Morel-Lavalle lesion

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A 56-year-old police officer was involved in an altercation in August 1995 during which he sustained multiple stab wounds.

Initial evaluation by Physical Medicine and Rehabilitation (PM&R) in February 2010 was for chronic left hip pain worsening over the past five months. He reported 4 to 5 year history of localized “band-like pain” around the left hip with a second sharp inguinal pain. The pain was characterized as deep, achy, throbbing and constant; better in the morning and progressively worse later in the day; alleviated with Vicodin, ASA, NSAID; and aggravated by activity and prolonged sitting. Objective examination noted for mild tenderness at the mid-line thigh/inguinal junction and decreased sensation in the left thigh consistent with meralgia paraesthetica.

Patient underwent a protracted course of treatment with multiple evaluations by various specialties, including PM&R, interventional pain, orthopedics, rheumatology and interventional radiology. An interventional pain specialist performed multiple ultrasound-guided fluid aspirations (Figure 1) over a two-year period. Fluid was initially noted to be translucent yellow in color and progressed over the course of aspirations to serosanguinous in nature. Repeated fluid analysis noted no growth. Patient subsequently underwent surgical excision. Pathology confirmed suspected diagnosis. Patient initially experienced excellent pain relief sustained for two months. However, follow-up established insidious return of previous symptoms.


Diagnostic studies included MRI, which revealed a fluid collection consistent with ganglion cyst under the left tensor fascia lata.

Subsequently, the imaging was re-reviewed with musculoskeletal radiology and the MRI picture was most consistent with Morel-Lavalle lesion (Figure 2).


Morel-Lavalle lesion. Differential diagnosis includes ganglion cyst, fat necrosis, sarcoma, hemangioma, subcutaneous hematoma, aneurysmal bone cyst.1


This report outlines a case study of a unique presentation of a Morel-Lavalle injury. We describe the case of a patient who presented with recurrent thigh pain after multiple stab wounds. The patient was seen by several specialists, tried various medications, and underwent repeated aspirations and injections.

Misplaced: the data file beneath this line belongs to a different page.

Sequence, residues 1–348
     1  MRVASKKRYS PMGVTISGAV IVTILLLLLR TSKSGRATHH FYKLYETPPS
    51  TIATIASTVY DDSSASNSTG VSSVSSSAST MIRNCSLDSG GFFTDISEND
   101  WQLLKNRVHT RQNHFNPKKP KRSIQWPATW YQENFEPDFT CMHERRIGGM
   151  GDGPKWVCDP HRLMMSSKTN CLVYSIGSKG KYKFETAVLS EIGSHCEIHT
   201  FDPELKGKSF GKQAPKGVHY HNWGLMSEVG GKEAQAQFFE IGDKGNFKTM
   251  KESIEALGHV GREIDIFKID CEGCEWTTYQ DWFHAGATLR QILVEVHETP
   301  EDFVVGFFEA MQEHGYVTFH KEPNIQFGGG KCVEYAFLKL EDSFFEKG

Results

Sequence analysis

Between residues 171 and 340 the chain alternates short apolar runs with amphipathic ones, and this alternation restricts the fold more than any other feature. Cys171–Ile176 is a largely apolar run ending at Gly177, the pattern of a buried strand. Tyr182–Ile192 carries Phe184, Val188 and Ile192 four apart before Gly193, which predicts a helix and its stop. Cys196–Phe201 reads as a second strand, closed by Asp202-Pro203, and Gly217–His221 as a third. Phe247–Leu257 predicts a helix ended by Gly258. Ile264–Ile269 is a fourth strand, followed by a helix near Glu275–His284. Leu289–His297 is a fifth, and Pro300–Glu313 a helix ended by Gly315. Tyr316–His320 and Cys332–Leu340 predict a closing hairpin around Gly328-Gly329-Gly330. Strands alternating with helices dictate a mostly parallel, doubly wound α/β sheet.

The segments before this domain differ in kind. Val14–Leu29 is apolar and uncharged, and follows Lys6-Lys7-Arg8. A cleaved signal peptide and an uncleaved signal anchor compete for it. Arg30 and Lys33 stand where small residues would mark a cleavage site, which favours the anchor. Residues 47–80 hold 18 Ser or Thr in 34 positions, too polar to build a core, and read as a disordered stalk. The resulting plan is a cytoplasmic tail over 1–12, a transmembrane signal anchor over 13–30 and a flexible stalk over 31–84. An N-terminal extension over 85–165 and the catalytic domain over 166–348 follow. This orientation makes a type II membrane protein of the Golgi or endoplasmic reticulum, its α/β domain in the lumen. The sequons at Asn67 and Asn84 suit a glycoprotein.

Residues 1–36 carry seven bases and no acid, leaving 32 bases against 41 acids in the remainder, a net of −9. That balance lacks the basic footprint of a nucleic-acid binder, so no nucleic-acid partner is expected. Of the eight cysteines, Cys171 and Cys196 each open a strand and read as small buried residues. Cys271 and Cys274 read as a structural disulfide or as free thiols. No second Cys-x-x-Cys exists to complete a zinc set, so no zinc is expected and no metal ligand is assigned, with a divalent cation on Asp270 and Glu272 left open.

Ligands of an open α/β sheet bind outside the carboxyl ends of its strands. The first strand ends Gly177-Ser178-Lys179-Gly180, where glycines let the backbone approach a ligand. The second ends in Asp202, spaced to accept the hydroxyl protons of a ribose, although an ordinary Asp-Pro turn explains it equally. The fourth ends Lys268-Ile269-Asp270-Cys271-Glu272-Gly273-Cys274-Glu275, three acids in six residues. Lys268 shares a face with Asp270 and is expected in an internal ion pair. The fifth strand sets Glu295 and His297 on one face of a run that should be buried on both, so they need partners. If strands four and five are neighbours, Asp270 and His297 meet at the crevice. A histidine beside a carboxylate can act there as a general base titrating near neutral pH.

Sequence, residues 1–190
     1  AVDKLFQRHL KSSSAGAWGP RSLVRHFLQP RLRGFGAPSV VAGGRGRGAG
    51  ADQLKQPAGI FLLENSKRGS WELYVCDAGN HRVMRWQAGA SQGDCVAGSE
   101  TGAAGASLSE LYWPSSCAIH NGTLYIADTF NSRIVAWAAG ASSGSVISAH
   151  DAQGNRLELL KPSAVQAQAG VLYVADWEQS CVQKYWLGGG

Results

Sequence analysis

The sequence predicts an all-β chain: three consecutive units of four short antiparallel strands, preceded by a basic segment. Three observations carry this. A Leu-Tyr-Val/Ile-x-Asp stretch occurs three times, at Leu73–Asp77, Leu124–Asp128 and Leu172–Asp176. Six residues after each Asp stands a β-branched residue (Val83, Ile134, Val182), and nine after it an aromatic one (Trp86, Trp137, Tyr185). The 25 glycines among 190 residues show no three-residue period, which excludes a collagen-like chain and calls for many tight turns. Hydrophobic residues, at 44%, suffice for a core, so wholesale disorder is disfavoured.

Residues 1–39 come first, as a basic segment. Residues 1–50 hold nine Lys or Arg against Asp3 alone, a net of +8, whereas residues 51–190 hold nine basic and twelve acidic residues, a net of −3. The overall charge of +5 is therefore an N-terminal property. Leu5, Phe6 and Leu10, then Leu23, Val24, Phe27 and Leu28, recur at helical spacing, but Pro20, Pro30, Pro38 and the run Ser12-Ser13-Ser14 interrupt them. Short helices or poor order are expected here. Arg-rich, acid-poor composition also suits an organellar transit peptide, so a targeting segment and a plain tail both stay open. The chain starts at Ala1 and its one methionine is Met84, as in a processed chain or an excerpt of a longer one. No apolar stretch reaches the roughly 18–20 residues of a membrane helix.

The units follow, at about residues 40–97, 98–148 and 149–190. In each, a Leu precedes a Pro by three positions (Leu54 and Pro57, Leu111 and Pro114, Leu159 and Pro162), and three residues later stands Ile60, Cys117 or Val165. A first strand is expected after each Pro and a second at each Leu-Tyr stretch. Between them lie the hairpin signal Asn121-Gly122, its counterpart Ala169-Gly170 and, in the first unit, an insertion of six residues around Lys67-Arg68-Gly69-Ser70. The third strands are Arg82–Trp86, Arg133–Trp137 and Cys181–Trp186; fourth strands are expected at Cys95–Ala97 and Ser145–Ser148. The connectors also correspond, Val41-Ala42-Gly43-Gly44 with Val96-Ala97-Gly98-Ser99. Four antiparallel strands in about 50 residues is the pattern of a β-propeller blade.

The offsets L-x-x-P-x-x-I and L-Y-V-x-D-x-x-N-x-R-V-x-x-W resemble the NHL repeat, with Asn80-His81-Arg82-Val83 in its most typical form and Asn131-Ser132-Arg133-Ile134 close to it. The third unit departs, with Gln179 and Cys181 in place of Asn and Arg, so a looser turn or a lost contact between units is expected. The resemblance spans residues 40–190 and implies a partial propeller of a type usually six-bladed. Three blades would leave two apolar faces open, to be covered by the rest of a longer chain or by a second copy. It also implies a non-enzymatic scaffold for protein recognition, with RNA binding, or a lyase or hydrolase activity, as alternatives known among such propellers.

Morel-Lavalle lesions are closed internal degloving injuries that are uncommon. They can occur in the pelvis or proximal thigh and are usually due to trauma, involving a force of combined compression and shear causing separation of the subcutaneous fat from the underlying fascia.2-3


Morel-Lavalle lesions are often underdiagnosed because they are rare.2,3 Clinical diagnosis may present as a soft, fluctuant mass in an area that has a history of injury. Lesions may or may not be associated with contusions, abrasions and/or decreased sensation. Because Morel-Lavalle lesions are not well known and there can be variable presentation, subsequent diagnosis and appropriate treatment of these lesions can be difficult.4 Several potential therapeutic options include non-operative compression, aspiration, surgical percutaneous drainage or surgical excision.

Further diagnostic evaluation of fluid accumulation improves identifying the etiology and directing appropriate treatment.


  1. Gilbert BC, Bui-mansfield LT, Dejong S. MRI of a Morel-Lavellée lesion. AJR Roentgenol. 2004;182 (5):1347-1348.
  2. Powers ML, Halem SF, Sundaram M. Diagnosis: Morel-Lavalee lesion. Orthopedics. 2007;30:322-323.
  3. Phillips T, Jeffcote B, Collopy D. Bilateral Morel-Lavallee lesions after complex pelvic trauma: a case report. J Trauma. 2008;65:708-711.
  4. Zhong B, Zhang C, Luo C. Percutaneous drainage of Morel-Lavallee lesions when the diagnosis is delayed. Canadian Journal of Surgery. 2014;57(5):356-357.
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Ovsiowitz RS, Pangarkar S.  Morel-Lavalle lesion.  Appl Radiol.  2017;46(2):38-39.

About the Author

Rebecca S. Ovsiowitz, MD, and Sanjog Pangarkar, MD

Rebecca S. Ovsiowitz, MD, and Sanjog Pangarkar, MD

Prepared by Dr. Ovsiowitz while a Staff Physiatrist and Pain Physician, and Dr. Pangarkar while serving as the Director of Inpatient Pain Service at Greater Los Angeles VA Medical Center. Dr. Ovsiowitz is an Assistant Clinical Professor of Medicine and Dr. Pangarkar is an Associate Professor of Medicine at David Geffen School of Medicine at UCLA, Los Angeles, CA.
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